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Pickwick Papers Hardcover – Unabridged, September 1, 2011

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Editorial Reviews


Superbly performed by BBC Radio Drama veteran David Timson, The Pickwick Papers is an unabridged audiobook adaptation of Charles Dickens's debut novel, now justly recognized as a classic. Set in England shortly before the advent of the railroad, The Pickwick Papers follows the upper-class Mr Pickwick and his caustically comedic cockney servant Sam Weller, as they travel the nation in search of adventure and learning. From comic moments such as the Eatanswill election and the trial of Mrs Bardell vs. Pickwick to the stark atrocity that was debtors prison, The Pickwick Papers is a superb rendition of Dickens's grand and thoroughly engaging adventure. The Pickwick Papers is worthy of the highest recommendation for public library audiobook collections, and as a special gift for audiobook lovers who especially enjoy great literary treasures. - --Library Bookwatch, Midwest Book Review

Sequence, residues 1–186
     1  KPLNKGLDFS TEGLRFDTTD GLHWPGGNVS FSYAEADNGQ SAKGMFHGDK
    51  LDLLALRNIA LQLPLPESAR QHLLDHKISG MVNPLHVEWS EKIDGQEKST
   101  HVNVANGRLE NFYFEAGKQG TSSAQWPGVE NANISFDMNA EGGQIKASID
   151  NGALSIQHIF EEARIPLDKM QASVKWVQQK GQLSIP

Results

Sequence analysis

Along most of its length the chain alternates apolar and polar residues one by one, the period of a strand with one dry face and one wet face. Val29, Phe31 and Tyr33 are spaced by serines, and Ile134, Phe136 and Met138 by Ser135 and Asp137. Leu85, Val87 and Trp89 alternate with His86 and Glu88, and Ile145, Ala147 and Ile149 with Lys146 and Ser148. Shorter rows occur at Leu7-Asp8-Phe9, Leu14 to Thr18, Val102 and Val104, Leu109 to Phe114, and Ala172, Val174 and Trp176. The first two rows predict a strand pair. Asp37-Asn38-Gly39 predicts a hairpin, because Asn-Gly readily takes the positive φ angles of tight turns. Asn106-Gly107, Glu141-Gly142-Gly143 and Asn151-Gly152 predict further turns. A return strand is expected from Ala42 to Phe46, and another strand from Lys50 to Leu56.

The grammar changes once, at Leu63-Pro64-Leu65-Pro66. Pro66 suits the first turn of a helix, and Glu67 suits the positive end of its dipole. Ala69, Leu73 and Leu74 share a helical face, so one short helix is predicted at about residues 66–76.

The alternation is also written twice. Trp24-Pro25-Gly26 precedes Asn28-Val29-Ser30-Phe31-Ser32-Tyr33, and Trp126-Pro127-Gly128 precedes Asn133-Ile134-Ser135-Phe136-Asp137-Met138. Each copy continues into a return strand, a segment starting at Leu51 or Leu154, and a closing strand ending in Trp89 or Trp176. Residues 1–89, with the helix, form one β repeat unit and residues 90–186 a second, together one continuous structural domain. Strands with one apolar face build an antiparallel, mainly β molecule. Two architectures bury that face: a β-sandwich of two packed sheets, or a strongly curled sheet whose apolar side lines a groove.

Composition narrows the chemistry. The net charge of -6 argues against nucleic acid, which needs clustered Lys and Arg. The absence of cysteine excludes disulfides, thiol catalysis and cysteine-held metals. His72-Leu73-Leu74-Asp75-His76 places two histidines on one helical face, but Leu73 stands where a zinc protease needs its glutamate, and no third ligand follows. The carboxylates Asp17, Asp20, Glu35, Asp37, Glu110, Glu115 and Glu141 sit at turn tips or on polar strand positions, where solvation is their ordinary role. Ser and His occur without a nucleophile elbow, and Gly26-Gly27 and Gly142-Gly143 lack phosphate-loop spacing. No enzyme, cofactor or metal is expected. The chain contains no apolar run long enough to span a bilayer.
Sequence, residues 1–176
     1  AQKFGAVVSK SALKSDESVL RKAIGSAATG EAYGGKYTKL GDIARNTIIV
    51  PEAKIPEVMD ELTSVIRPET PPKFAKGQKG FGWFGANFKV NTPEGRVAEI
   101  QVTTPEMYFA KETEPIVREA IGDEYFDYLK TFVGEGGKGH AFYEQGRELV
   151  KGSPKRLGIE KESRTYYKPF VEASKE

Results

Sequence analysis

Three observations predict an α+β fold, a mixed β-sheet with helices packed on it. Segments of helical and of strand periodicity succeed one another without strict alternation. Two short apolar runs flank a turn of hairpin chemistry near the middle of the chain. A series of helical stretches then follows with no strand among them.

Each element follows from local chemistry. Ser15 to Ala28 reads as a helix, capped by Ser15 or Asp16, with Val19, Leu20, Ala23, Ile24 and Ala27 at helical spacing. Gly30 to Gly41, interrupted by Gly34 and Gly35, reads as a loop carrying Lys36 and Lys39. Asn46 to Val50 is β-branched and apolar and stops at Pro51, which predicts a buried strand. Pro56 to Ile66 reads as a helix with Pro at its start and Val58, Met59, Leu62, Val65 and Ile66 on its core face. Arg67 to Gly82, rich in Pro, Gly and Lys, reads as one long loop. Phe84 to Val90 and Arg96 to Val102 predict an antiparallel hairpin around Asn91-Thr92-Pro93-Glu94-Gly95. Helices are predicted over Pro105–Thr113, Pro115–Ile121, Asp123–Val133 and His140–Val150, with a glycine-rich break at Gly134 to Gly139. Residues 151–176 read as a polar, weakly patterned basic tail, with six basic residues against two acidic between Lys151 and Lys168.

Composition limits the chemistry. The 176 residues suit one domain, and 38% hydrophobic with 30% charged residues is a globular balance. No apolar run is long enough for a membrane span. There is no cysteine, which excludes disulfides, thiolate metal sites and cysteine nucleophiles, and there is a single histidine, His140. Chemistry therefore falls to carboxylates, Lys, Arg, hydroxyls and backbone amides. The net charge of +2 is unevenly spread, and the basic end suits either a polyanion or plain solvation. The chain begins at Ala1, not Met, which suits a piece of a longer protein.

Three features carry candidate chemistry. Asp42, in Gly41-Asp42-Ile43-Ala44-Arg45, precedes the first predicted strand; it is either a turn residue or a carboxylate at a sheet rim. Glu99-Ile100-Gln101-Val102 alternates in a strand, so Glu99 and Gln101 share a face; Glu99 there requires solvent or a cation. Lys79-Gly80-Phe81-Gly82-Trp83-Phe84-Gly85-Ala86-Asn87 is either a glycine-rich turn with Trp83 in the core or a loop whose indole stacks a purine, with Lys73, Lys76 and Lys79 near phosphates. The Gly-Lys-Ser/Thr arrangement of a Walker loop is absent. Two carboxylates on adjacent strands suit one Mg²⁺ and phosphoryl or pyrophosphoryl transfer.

With true artistry, narrator David Timson brings to life the misadventures of the Pickwick Club. In Dickens's first novel, Samuel Pickwick (founder and president of the eponymous club) and three Pickwickians travel outside the comforts of London to document life in the English countryside. What follows is a succession of incidents filled with eccentric characters and social commentary. Clocking in around 32 hours, this audio edition would be an arduous task for any narrator, but Timson embraces this intimidating assignment with admirable aplomb. Whatever the scenario presented in prose, he matches the tone and keeps the story moving at a steady clip. He perfectly captures the author's many characters, providing spot-on vocal characterization for each one. This is an outstanding listen for both fans of Dickens and those new to his work. --Publishers Weekly - June 2012